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Free the PrEP - Over-the-Counter
Access to HIV Preexposure Prophylaxis
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List of authors.
• Douglas Krakower, M.D.,
• and Julia L. Marcus, Ph.D.
Several key barriers to PrEP access could be alleviated by making PrEP available over the counter. People would no longer need to disclose information about their behaviors to clinicians, which could facilitate access for all people, but particularly for populations that face stigma in health care settings, such as Black and Latino men who have sex with men. Adolescents and young adults, who have low rates of PrEP use, may prefer OTC PrEP if they are covered by their parents’ insurance plan and concerned about inadvertent disclosure of prescription PrEP use. For people facing challenges related to the complexity of PrEP financing or care, the convenience of OTC PrEP could facilitate both initiation and sustained use; studies have found that rates of continued use of oral contraception among people using OTC pills are equivalent to or higher than rates among those using pills obtained with a prescription.2 The juxtaposition of PrEP on shelves with other sexual health products, which will soon include oral contraception, could help normalize its use. Thoughtful marketing could increase demand and use in priority groups, including in populations - such as Black cisgender women - that have tended to perceive PrEP as being exclusively for men who have sex with men.3
Of currently available oral and injectable PrEP formulations, the logical initial choice for OTC access would be a daily fixed-dose combination tablet containing tenofovir disoproxil fumarate and emtricitabine (TDF-FTC). This formulation is approved for use in all populations at risk for HIV, including people of all genders, and for all modes of HIV exposure (i.e., sexual contact and injection-drug use) and is the only PrEP formulation for which a generic option is available.
Although TDF-FTC for PrEP is well tolerated, there would be safety considerations related to OTC use. TDF-FTC for PrEP has been associated with decreased bone mineral density and renal function and isn’t recommended for people with osteoporosis or an estimated creatinine clearance of less than 60 ml per minute. TDF-FTC has antiviral activity against hepatitis B, and discontinuation can cause clinical relapse. For HIV treatment, TDF-FTC is insufficient to suppress viral replication, and use by people with undiagnosed HIV can select for resistance-associated mutations. FDA-approved labeling therefore advises testing for renal disease, hepatitis B, and HIV - and consideration of bone mineral density assessment in people with a history of pathologic fractures or risk factors for osteoporosis - before initiation of TDF-FTC for PrEP, as well as quarterly HIV testing and renal-function testing as clinically appropriate during use. Labeling also instructs clinicians to counsel patients on periodic screening for bacterial sexually transmitted infections (STIs), which are common among PrEP users.
OTC status for oral contraceptives was approved with the understanding that the small potential increase in risk associated with making the medication available without a prescription will most likely be outweighed by the benefits - and we believe the same conclusion could be reached for TDF-FTC for PrEP. Most people at heightened risk for HIV are in an age group in which osteoporosis and renal disease are uncommon; moreover, decreases in bone mineral density and renal function associated with TDF-FTC for PrEP are generally mild and reversible, and TDF-FTC for PrEP hasn’t been associated with a significantly increased risk of fractures or serious renal events in clinical trials.4 Hepatitis B prevalence is low in the United States, even in populations at risk for HIV, and serious hepatic inflammation or acute liver failure after discontinuing antiviral treatment is rare in the absence of cirrhosis. As in the case of widely used OTC pain medications that can affect the kidneys or liver, such as ibuprofen and acetaminophen, labels for OTC PrEP could warn people with potential contraindications to consult a clinician before use.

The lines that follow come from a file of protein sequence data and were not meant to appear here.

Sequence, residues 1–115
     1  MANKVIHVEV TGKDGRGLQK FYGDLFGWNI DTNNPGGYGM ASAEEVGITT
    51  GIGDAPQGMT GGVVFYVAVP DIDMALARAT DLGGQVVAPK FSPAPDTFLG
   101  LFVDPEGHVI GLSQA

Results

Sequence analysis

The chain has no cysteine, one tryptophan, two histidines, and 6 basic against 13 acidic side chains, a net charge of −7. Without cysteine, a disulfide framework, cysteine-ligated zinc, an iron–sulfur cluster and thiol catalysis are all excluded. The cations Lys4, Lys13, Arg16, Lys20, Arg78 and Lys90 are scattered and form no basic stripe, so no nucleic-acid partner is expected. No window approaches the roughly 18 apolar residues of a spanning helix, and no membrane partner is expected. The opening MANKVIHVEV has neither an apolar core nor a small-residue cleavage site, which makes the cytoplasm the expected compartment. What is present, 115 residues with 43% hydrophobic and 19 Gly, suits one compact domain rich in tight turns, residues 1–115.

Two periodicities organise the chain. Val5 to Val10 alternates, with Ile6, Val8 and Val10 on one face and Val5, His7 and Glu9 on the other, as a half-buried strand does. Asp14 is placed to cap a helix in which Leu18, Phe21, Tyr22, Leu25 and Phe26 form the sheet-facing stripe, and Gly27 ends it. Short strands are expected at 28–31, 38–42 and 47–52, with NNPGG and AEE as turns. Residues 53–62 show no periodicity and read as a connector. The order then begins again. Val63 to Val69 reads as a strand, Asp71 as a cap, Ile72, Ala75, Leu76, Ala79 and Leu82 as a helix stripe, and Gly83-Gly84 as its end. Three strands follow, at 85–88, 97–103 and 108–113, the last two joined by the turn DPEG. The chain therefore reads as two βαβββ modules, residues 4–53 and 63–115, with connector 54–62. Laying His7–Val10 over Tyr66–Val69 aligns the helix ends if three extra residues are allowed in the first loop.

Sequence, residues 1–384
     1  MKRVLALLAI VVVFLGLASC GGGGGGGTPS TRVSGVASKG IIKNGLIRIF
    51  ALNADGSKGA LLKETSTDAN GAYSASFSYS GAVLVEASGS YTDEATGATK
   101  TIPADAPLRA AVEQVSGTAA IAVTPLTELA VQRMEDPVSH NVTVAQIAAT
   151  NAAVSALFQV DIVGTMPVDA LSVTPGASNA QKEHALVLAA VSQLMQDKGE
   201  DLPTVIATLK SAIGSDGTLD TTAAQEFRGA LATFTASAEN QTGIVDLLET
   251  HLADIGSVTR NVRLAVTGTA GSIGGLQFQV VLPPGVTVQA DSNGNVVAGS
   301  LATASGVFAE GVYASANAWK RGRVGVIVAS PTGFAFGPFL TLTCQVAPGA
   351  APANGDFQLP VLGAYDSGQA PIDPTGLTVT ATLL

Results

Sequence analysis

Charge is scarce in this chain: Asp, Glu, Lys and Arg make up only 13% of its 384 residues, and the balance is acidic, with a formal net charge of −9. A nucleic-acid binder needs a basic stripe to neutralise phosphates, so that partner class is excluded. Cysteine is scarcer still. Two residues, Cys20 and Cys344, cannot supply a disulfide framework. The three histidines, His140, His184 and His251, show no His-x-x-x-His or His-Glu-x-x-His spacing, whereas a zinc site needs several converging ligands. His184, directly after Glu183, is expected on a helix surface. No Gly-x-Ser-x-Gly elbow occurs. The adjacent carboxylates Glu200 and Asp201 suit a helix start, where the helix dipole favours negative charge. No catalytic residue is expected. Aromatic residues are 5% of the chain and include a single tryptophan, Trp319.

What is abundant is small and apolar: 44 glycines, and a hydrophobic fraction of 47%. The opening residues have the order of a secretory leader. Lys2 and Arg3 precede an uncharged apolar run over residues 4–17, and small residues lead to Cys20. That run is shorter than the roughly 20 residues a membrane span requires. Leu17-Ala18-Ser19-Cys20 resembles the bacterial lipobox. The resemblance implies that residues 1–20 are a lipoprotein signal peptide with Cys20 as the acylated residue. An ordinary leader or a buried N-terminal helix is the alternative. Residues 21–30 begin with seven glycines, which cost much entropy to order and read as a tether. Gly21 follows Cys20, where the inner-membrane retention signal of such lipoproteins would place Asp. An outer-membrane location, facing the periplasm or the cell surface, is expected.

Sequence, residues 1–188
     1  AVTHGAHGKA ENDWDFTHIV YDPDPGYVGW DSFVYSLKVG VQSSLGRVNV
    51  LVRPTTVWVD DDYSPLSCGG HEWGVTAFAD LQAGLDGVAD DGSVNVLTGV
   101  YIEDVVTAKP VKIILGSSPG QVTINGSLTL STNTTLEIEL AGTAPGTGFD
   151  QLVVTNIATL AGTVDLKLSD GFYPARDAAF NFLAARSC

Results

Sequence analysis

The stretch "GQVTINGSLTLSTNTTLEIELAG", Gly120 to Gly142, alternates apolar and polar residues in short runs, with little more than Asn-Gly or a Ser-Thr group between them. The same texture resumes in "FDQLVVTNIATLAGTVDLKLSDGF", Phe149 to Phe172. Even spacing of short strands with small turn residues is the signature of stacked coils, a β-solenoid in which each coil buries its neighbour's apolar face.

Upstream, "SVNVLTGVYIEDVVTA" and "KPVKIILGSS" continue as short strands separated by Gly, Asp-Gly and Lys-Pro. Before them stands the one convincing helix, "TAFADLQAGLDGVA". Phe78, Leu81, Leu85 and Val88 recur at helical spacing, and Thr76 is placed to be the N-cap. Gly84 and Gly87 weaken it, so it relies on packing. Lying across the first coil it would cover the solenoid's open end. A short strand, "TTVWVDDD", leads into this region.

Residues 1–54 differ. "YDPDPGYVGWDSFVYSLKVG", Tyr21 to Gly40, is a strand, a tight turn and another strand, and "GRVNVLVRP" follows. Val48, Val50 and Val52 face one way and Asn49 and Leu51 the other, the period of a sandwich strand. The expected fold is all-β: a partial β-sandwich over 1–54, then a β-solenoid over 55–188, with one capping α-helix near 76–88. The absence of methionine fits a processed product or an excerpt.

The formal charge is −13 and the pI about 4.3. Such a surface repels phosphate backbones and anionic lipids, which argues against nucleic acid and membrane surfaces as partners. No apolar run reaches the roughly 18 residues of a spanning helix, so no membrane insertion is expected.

OTC HIV tests, which have been available for years in the United States, could be bundled with OTC PrEP; an example would be a 3-month PrEP package containing 90 pills and an HIV test. Although HIV self-tests designed for home use are less sensitive than laboratory-based tests, the CDC considers them an option for people using PrEP and recently launched a program to mail 1 million free self-tests to people who request them online. Even if people with undiagnosed HIV used TDF-FTC for PrEP and acquired drug-resistance mutations, first-line HIV treatment regimens would still probably lead to viral suppression. The World Health Organization strongly encourages but doesn’t require hepatitis B testing, considers renal-function testing optional for people younger than 50 years of age without kidney-related conditions, and supports HIV self-testing before use of TDF-FTC for PrEP (in addition to supporting HIV self-testing during ongoing use); U.S. guidelines could adopt similarly simplified approaches for implementing OTC PrEP.

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